Monday, 23 March 2015

"Earning It"

Image courtesy of Wikipedia

As many will know, I am a massive Springsteen fan and despite him being worth over $300m, he still delivers 3 hour plus shows, renowned for their energy and high tempo; he still works very hard despite the fact he may be able to 'get away' with a sub-2 hour greatest hits performance going through the motions. For a while now, I have thought that there is a potential analogy with teaching, especially for those who have been in the job a while, particularly at the same school, do you still 'earn it'?

Jake Clemons, nephew of the late, great Clarence, who now plays with Bruce and the E Street band shared this in an interview:

"There are words that he gave me very early on that stuck with me. He pulled me into the dressing room — I believe it was our second show — and he said, ‘Listen, this is really important: you haven’t earned it. You haven’t earned it. You won’t earn it. You’re still earning it. After 40 years, I’m still earning it.’ Every night he goes on that stage, he’s aware. Everyone there has an expectation. Just like it was on day one. Just like it will be on the last day. And you have to earn it and fulfill that expectation. That was huge. What a beautiful nugget that you can hold on to, and really apply it to everything. The moment you think you’ve earned it, you’ve lost it.” [Read it in full <here>]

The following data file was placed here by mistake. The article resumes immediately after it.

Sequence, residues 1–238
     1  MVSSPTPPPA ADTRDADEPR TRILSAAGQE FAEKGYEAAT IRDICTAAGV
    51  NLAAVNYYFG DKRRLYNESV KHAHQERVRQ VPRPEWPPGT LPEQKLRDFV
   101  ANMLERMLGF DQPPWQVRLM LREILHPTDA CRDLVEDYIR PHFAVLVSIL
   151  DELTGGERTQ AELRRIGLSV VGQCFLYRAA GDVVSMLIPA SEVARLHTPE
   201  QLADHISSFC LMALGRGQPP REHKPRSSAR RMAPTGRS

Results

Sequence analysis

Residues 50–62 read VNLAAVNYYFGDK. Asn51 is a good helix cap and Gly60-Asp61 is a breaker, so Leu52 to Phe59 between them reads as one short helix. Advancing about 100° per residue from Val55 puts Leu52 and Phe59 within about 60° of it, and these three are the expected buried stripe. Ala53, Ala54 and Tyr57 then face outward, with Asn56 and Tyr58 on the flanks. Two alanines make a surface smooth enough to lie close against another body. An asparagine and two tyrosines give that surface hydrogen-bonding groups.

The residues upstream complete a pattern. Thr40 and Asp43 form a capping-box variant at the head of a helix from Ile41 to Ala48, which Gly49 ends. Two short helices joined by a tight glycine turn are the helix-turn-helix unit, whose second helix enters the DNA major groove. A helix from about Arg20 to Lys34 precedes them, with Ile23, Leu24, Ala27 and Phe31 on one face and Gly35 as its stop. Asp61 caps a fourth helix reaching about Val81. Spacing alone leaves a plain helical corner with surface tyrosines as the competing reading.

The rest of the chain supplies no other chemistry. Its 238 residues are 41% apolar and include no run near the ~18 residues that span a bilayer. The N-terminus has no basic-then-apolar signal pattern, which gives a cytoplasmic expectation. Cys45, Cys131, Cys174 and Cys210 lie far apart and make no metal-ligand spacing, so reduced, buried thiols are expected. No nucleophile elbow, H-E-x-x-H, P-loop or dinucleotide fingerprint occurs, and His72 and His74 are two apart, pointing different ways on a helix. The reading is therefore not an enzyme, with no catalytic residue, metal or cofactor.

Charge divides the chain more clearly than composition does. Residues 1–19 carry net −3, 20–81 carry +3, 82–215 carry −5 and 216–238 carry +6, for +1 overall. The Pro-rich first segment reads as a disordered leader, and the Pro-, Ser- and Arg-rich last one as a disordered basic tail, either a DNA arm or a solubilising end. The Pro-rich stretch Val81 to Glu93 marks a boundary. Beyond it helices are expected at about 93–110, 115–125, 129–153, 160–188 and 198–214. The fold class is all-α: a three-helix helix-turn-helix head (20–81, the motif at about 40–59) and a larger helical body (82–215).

Do we ever 'earn it' as teachers?

If we reach middle leadership have we 'earned it'?
... Senior leadership?
... Headteacher?

I'm not sure we are 'only as good as our last lesson' and students are, thankfully, generally forgiving. However your status or title, career length or even perceived 'coolness' does not mean you have 'earned it' in school. 

I think this is the importance of reflection. I hated doing lesson evaluations when I was doing my PGCE, I just wanted to get on with nailing the next lesson. However, I now spend a lot more time thinking about when things go wrong. Sometimes I teach lessons which really don't work, or for some reason, I haven't had enough time to plan it properly (welcome to the world of Head of Year...). If I teach a lesson like this, I really try to 'earn it' back with the next lesson. I feel a real responsibility to convince them that I am better than that last lesson, that I do care, and I do want to deliver great lessons as often as I physically can. 

As a middle leader myself, I am not just trying to 'earn it' with students but also with my department and year team. Do I take my share of the dirty work? Am I willing to do the same as what I ask of others? It can be easy to hide away in your office when that end of lunch bell rings. 

This is one of my favourite live Springsteen videos. The 6th song of a 27 song show. A 60 year old man absolutely 'earning it'. Teaching is a physical job, but so is fronting a rock'n'roll band! Springsteen has a fitness regime that he has carried out for over 30 years involving free weights and running six miles a day in order that he can perform to this level. 

Yet (thankfully) we don't need to knee-slide and dive into the crowd every night... although that would be a great way to get through period 6 on a Friday with Y11.

I hope that went I get to Springsteen's age (65), wealth (!?), status, title (THE Boss) and having a career lasting 50 years, that I still go out every day and make sure I "earn it".

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